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mindLook After Your Mind No. 11
Great Expectations

There is a story in educational circles that two newly qualified English teachers were each given a Year 7 class when they took up their posts at the same secondary school. Teacher A was given a set 2 group (higher standard), while Teacher B was given a set 4 group (lower standard). Both teachers followed the syllabus and the children produced work in line with their perceived ability.

It was only at the end of the term that an important administrative error was discovered - which was that the wrong set numbers had been attached to those teachers’ class lists. In other words, Teacher A was actually working with set 4 pupils and teacher B was in fact working with set 2 pupils. This suggested that what the teachers expected to receive from the children was what they got. Once teacher A was told that her group was really set 4 standard (though they had been producing set 2 work), she decided to continue teaching them as if they were set 2. However, very quickly the quality of the children’s work declined to set 4 standard.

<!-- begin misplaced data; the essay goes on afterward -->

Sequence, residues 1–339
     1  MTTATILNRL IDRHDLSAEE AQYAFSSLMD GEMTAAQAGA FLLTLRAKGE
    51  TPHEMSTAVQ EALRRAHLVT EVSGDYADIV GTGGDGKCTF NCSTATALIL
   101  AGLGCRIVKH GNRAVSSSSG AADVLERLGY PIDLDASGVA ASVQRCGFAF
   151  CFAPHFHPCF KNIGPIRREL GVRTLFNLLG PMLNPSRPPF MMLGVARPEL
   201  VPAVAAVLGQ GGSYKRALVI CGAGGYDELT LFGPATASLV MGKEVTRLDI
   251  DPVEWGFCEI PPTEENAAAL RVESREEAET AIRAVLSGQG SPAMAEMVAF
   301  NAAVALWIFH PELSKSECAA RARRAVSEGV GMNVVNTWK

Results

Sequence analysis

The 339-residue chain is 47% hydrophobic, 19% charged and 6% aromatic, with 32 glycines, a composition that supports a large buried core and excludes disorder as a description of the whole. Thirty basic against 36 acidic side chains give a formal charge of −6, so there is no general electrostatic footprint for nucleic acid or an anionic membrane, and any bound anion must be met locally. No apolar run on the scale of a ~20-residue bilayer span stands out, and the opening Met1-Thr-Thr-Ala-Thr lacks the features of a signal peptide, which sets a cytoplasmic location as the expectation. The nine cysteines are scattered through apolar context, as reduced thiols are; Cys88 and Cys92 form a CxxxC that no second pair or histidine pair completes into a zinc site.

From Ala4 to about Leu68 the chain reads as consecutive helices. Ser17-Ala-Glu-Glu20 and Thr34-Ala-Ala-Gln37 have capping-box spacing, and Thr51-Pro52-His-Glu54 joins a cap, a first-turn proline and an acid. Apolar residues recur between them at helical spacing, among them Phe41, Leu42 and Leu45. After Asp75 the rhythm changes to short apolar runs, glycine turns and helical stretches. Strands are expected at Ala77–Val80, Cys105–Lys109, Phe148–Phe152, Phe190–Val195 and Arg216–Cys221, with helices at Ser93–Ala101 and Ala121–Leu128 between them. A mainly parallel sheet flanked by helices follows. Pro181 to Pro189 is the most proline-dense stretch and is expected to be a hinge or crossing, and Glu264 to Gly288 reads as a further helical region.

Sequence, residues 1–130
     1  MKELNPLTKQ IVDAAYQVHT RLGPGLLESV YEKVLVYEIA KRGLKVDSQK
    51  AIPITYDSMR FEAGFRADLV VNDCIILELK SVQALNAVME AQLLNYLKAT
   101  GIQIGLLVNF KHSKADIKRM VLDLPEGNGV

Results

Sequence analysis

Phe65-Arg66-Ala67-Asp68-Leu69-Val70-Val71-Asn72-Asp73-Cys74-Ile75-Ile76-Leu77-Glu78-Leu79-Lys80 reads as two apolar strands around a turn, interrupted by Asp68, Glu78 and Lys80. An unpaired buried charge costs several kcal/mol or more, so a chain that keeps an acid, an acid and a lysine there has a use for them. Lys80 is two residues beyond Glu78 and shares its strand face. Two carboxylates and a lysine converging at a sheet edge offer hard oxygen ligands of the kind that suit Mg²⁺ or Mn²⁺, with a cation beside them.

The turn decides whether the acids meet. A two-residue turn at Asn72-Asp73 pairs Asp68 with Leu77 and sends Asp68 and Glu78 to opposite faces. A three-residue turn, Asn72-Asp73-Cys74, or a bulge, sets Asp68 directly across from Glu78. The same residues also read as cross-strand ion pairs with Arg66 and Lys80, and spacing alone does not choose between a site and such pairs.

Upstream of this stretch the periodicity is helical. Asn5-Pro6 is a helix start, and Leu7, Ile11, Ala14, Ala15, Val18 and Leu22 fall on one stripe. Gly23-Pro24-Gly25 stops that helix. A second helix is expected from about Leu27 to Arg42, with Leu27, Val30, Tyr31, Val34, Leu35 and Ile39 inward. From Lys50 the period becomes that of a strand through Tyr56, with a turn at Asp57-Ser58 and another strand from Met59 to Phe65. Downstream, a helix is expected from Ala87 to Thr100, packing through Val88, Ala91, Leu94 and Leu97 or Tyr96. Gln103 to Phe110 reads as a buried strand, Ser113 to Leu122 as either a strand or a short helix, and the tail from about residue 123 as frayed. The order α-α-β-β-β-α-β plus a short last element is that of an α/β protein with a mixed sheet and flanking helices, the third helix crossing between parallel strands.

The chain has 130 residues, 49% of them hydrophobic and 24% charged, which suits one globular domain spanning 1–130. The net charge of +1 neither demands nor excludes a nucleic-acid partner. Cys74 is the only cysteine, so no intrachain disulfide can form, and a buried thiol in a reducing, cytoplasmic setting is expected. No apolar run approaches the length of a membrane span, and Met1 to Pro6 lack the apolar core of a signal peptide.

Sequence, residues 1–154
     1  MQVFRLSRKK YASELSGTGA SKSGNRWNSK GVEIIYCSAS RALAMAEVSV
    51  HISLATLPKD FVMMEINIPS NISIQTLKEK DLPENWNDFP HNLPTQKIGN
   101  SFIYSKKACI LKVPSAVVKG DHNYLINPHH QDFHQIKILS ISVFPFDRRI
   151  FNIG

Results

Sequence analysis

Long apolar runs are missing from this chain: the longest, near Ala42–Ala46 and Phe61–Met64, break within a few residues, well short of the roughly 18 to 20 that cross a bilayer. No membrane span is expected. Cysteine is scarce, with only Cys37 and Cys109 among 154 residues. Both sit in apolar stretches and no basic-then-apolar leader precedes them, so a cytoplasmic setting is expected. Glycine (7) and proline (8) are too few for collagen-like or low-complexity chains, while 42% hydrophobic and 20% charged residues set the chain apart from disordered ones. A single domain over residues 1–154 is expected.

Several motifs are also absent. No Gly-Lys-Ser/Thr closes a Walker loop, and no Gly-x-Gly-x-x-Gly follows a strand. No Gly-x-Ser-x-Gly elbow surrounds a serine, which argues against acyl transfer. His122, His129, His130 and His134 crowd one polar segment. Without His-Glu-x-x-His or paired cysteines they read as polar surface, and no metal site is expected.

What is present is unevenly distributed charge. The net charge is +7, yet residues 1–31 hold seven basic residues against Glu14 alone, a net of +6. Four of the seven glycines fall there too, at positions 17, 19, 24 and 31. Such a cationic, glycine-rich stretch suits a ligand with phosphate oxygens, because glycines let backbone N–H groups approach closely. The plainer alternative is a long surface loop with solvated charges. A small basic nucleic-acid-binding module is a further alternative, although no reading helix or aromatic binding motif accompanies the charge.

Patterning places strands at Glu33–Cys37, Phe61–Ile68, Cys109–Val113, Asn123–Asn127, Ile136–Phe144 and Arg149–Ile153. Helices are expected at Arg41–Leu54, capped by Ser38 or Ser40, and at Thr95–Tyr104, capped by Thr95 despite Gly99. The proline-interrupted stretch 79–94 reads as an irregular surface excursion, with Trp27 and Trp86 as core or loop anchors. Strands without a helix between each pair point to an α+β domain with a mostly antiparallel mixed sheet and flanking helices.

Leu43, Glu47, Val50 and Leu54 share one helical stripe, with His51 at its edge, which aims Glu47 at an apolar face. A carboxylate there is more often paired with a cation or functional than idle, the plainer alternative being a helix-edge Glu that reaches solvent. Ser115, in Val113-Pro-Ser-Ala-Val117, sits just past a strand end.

The implications of this incident are that expectations influence performance. In teacher A’s case, even though she decided to treat her pupils like a set 2 group, because she knew that they were ‘really’ set 4 standard, this knowledge was conveyed subliminally to the children, who responded accordingly.

The psychologist Robert Rosenthal and school principal Leonore Jacobson heard about this incident and decided to test the idea. They visited a number of primary schools and told teachers that on the basis of some tests they had carried out, certain pupils were ‘late bloomers’, that even though they seemed to be of average or low ability now, they would improve quickly very soon. In fact the children were selected at random, but because their teachers had been primed to expect improvement, the way they taught affected those children such that the quality of their work improved.

Rosenthal and Jacobson wrote up their findings under the title ‘Pygmalion in the Classroom’, now considered to be a classic piece of psychological research in education. Their work proved that positive expectations have a powerful influence on the way people perform, and that conversely negative beliefs can be detrimental to what others may achieve. This not only applies to schoolchildren of course, but to all of us.

Click here to read more articles in the series 'Look After Your Mind' by Steve Bowkett

Steve Bowkett.
Issue 407
December 2018

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